Chincoteague is an island town on Virginia’s northeast side that boasts a more straightforward way of life with well-manicured streets and unspoiled natural environments. This is Virginia’s only resort island and is considered the most beautiful, providing plenty of space to unwind and explore.
English settlers came to the island in the 17th century, with quite a few households living on it by the mid-19th century. The region is known for its Chincoteague ponies, which originate on the neighboring island of Assateague near the Chincoteague National Wildlife Refuge, but both areas are easy to reach by car.
According to the 2020 census, a population of about 2,885 people resides full-time in town, but the island welcomes many visitors annually for a soothing beach town getaway. Many who come for a vacation from bigger cities enjoy a variety of accommodations like coastal vacation homes, B&Bs, hotels, and inns.
The two most popular beach areas are Chincoteague Beach and Assateague Beach, both of which are in a wildlife refuge on Assateague Island. There are also excellent roads for biking around the lands and to the beach, with many hiking trails nearby.
Tangier Island, VA
Tangier Island in the Chesapeake Bay is just south of the Maryland-Virginia Stateline and one of the most secluded places to visit or live in the state. As of the 2020, there were only around 506 permanent residents, and the only way to reach the town is by plane, boat, or ferry.
Roughly 13 miles separate the island from the mainland, and it takes around an hour and a half to get there by water vessel as long as the weather is good. Not much is known about the native people who lived on the land before European settlers arrived, but there is a museum on the island that explains some of its unique culture and operation.
Getting around the island is mainly done by walking, bike, or golf cart, quickly done with the flat ground all around. Tangier amenities include a few shops, guided tours, restaurants, a grocery store, B&Bs, and vacation cottages that can be rented out.
Tangier’s public beach is one of the highlights of the island. Featuring sparkling clear waters and long stretches of barren sand, it’s one of the most pristine beaches you might ever see. There are no facilities or changing areas on the beach, but swimsuits are always required.
Colonial Beach, VA
Located directly adjacent to the Maryland border, Colonial Beach is a coastal town on Virginia’s side of the state line. Although a small town, this sandy nook is where you’ll find the state’s second-longest beach and is just a few miles north of the George Washington Birthplace National Monument.
Colonial Beach is uniquely surrounded by Monroe Bay, Monroe Creek, and the Potomac River. Even though it has many modern amenities now, the town’s area has been used for centuries, proven by ancient artifacts discovered in the land from 500 BC.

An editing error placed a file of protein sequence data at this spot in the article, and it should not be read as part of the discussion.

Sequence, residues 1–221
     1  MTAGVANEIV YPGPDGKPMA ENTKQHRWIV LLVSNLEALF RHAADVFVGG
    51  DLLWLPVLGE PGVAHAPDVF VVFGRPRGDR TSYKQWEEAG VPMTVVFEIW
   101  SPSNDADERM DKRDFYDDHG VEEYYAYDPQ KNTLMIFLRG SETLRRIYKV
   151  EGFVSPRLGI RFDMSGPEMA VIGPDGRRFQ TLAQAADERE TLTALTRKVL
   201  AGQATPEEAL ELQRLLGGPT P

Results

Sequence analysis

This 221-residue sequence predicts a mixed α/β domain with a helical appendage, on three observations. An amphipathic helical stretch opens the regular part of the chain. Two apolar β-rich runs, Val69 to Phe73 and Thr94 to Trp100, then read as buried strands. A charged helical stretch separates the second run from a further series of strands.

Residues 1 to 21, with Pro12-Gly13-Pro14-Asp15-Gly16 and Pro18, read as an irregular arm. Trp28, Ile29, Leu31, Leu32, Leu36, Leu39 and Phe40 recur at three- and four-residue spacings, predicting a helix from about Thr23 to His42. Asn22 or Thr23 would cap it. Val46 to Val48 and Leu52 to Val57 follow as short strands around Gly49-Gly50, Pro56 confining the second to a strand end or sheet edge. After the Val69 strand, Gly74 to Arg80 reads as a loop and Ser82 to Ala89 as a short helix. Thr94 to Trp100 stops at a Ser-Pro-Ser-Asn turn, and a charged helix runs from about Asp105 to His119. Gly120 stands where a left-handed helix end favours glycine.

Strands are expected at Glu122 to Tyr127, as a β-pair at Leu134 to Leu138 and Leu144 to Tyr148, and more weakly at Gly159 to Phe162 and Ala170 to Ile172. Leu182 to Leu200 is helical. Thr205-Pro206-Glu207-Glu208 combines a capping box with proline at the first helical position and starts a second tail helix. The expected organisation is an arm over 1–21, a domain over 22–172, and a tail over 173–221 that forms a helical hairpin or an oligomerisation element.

During the 19th century, Colonial Beach was a resort-like destination for people from Washington D.C., who would arrive by ferry and stay to sunbathe and fish. With over 25 restaurants and many shops on the boardwalk, this town on the water is also a haven for activities both on and off the shore. In 2020 it boasted a population of 3,591.
Accommodations in the area range from cottages to vacation rentals and hotels. Visitors that don’t own a boat but want to experience being on the water can book a charter fishing tour or evening cruise with a meal.
Situated in the thick of the Hampton Roads region, the city of Hampton has a population of 137,148 (2020 census), making it the 200th largest in the United States and ranked #7 for Virginia. Between all the historical sites, restaurants, and opportunities for outdoor rec, residents, and tourists never run out of things to do.
Hampton was settled in 1610 but endured a lot of action over the next few centuries, including involvement in the American Revolution, War of 1812, and Civil War. A collection of museums, historic churches, and former battle sites give visitors a peek into the town’s past, while modern entertainment venues bring it back to the present day.
Prominent military facilities in the city include Langley Air Force Base and NASA Langley Research. Other points of interest in town include the NASCAR short track and Fort Monroe, a six-sided bastion fort.
The three main beaches in town are Outlook Beach, Buckrow Beach & Park, and Grandview Nature Preserve and Factory Point. They offer great views from sunrise to sunset and plenty of space for watersports.
A journey through Old Dominion calls for some time on the coast, and Virginia’s top beaches are some of the best along the Atlantic Ocean. See why the state attracted so many early settlers and learn a thing or two about the region’s past while enjoying its present-day features.